by Barbara Linn Probst
If you’re like me, you have a shelf of books and a computer folder (or two) of tips, checklists, bullet points, blogs, and advice about how to write a good story. Even though many of these strategies are, on a closer look, rather similar, it’s still pretty overwhelming. No one can do everything, so we find those that appeal to us.
My Favorite Four Writing Exercises
Here are four of the exercises that I’ve found the most useful. They address character, plot, and the quality of the writing.
Listening to Your Protagonist (Adapted from Donald Maass)
The exercise: Visualize yourself sitting across the table from your protagonist. (I like to visualize the setting, too—in my mind, we’re at my kitchen table, but your conversation might be at Starbucks or in a park.) Ask your protagonist these questions, and listen to what she has to tell you. Write down everything that comes out of her mouth, exactly as she says it. (It only works if you actually write down what you “hear” her saying. Don’t just think it.)
- How do you feel about the way I’ve portrayed you?
- What do you really want to do that I’m not letting you do?
- What are you afraid I might put you through? What do you dread seeing yourself do on the page?
- What about the other characters? You know them better than I do. Whom am I not getting? What am I missing?
- What do you want to say to one of the other characters in the story that I’m not letting you say?
- What’s this story really about—to you? What am I getting wrong?
My experience: I did this with my WIP, and it was one of the most amazing exercises I’ve ever done! My protagonist pulled no punches and told me exactly what she thought of me—how I was projecting my own hang-ups onto her, making her too defensive, and suppressing her kinder impulses. She told me that I needed to love her more.
Luckily, I listened to her—and when I did, the story got so much better.
Understand secondary characters more deeply (Adapted from Kate Racculia)
The exercise: Consider a secondary character who doesn’t feel real to you, seems one-dimensional, or eludes you in some essential way. Answer these questions about her, even though the material won’t actually be in the book.
- What’s her home town, and what does she really think of it (even if she doesn’t say it aloud)?
- What’s her job, and what does she secretly think about it? If she could change something about her job, what would that be?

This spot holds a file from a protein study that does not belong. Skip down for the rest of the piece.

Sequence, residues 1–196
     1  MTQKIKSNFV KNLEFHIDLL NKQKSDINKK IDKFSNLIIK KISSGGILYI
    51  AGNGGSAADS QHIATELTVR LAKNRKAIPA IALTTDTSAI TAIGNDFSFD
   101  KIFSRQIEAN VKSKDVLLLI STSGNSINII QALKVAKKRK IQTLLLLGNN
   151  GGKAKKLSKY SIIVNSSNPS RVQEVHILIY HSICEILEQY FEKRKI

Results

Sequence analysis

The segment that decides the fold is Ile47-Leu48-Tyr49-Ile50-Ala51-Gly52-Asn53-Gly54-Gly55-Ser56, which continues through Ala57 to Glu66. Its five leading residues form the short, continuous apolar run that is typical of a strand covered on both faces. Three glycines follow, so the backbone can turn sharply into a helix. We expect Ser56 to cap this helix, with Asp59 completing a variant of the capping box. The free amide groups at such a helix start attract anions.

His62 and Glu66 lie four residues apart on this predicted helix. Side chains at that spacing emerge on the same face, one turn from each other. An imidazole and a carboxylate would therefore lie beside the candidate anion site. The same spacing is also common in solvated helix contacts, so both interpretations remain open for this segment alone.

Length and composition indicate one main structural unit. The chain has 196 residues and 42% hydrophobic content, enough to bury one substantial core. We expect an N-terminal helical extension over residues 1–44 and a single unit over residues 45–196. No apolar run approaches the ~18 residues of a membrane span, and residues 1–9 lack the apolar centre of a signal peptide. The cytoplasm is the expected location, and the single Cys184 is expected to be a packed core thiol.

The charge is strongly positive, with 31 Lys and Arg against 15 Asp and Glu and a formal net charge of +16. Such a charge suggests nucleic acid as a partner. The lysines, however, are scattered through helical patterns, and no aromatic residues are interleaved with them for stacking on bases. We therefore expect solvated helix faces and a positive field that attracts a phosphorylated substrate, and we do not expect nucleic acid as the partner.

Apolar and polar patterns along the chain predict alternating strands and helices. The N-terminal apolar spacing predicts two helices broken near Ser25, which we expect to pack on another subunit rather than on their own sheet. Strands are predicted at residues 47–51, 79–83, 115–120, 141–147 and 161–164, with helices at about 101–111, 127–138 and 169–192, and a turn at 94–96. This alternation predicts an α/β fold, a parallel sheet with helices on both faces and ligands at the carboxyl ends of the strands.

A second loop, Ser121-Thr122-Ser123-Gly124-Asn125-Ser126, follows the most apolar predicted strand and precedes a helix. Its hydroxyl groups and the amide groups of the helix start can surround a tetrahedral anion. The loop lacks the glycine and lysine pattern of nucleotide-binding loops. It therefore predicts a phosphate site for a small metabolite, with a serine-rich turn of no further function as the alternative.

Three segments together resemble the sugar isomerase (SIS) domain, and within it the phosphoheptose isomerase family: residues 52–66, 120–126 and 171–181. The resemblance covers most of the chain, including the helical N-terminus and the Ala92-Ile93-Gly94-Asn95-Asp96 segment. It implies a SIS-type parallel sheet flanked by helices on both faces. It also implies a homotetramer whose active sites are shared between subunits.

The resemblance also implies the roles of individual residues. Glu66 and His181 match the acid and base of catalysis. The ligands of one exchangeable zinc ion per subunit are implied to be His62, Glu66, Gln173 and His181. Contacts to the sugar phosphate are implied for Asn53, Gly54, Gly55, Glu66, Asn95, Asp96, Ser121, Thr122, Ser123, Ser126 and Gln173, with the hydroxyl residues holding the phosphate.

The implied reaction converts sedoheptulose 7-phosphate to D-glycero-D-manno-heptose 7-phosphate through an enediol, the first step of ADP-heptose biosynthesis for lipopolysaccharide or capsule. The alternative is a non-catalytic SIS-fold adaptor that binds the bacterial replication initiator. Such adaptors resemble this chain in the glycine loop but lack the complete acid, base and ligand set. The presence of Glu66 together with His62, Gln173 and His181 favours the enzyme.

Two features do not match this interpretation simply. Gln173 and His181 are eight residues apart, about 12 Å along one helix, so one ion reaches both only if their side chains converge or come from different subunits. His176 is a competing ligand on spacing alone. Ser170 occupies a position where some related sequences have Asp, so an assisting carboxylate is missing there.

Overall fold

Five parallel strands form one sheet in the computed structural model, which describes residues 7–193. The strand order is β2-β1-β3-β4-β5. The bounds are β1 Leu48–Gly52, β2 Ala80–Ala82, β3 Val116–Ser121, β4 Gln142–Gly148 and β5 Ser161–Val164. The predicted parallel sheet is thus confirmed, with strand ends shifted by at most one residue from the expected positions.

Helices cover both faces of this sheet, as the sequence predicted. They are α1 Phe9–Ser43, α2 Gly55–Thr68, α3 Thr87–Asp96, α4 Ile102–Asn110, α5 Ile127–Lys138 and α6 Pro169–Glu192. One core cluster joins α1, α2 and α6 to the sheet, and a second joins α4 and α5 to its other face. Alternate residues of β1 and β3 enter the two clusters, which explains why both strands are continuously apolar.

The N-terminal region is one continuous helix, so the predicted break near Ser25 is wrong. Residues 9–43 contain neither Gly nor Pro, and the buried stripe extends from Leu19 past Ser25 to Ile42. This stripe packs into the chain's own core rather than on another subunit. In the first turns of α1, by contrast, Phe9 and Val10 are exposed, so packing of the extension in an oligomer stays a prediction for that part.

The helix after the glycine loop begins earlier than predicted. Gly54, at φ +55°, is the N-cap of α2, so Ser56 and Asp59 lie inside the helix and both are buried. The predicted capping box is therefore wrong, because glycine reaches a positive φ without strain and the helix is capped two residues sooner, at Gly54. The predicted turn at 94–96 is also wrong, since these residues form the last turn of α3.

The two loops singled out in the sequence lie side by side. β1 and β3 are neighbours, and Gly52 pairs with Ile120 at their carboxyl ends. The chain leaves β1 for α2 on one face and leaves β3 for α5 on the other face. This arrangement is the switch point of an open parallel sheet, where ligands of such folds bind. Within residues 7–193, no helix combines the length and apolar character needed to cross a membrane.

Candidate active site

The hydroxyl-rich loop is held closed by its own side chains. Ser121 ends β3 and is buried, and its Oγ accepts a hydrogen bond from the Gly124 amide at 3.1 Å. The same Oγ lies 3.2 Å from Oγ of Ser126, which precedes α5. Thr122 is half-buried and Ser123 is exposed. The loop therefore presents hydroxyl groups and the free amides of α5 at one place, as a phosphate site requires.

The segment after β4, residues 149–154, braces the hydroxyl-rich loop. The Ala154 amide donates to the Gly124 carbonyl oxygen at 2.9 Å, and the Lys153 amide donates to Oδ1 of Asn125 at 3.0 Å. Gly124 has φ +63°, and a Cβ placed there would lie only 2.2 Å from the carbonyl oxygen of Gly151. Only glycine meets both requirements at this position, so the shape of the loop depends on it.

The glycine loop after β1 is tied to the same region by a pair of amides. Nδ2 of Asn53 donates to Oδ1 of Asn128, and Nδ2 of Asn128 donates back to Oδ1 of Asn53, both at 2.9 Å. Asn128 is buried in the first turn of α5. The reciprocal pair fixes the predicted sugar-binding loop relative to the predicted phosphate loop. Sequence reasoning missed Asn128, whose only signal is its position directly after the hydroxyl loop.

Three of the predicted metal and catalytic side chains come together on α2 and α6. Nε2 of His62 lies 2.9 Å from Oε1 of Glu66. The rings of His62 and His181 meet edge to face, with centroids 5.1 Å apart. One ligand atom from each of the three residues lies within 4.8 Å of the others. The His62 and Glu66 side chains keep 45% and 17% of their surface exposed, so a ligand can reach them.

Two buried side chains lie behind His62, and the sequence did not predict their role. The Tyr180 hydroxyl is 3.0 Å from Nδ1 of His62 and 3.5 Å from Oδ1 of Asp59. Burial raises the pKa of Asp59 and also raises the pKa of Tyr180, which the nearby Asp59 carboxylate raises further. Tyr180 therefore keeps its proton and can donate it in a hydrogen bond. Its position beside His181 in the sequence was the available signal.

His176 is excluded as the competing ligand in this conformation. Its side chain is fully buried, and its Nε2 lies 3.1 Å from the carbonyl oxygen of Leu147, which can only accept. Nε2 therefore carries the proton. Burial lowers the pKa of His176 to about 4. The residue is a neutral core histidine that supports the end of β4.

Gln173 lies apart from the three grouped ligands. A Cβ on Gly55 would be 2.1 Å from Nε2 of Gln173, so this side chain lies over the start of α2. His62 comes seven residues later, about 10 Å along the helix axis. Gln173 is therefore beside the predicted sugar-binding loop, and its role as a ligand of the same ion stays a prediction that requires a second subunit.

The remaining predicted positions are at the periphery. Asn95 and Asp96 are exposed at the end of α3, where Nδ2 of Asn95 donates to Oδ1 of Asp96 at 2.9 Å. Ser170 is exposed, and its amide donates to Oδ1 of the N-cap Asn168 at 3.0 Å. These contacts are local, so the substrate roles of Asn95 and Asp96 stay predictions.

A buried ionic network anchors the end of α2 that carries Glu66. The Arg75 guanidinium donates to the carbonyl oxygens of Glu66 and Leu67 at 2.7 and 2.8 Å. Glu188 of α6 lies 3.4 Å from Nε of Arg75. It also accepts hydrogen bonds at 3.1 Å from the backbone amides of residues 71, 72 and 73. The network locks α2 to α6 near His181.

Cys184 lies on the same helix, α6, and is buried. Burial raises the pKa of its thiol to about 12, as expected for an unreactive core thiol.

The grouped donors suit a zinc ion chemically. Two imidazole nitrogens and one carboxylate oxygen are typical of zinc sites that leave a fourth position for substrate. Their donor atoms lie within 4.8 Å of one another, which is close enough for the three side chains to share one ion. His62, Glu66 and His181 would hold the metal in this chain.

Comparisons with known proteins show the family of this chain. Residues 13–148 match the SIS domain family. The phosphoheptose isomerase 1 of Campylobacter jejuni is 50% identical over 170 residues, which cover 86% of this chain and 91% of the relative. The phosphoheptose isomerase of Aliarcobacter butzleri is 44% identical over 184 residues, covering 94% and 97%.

- What’s a hobby that people would never guess she has?
- What’s her favorite food? Why is it her favorite? Who knows it’s her favorite?
- What motto would be on her coffee mug or tee shirt?
- What’s her recurring dream?
- What’s something she lost, and how did she lose it?
- What’s something she found, and how did that happen?
My experience: I was surprised by how easy this was—and how much fun. I think it was the freedom of knowing that the material wouldn’t be in the book, so I didn’t have to worry about whether it built tension or led to an emotional turning point, or anything other than letting the character come to life. It felt like getting to know someone who already existed, rather than working to “create a character.”
Mapping, interiority, and exteriority (Adapted from Sandra Scofield)
The exercise: Print out the manuscript. (Yep, do it on real paper, not on your laptop; trust me on this). Get out some colored pens or highlighters. On every page, use a different color to underline or circle these elements, without thinking about the plot:
- Green for sentences or passages of interiority—when the POV character is in her head reacting, reflecting, thinking, wondering, or remembering. It’s the internal material that no one else has access to, except her.
- Blue for action—when a character does something physical or there’s an action you could observe (like a car crash). Think of external movements that you could depict with a puppet or see if you were watching an old-time “silent movie.”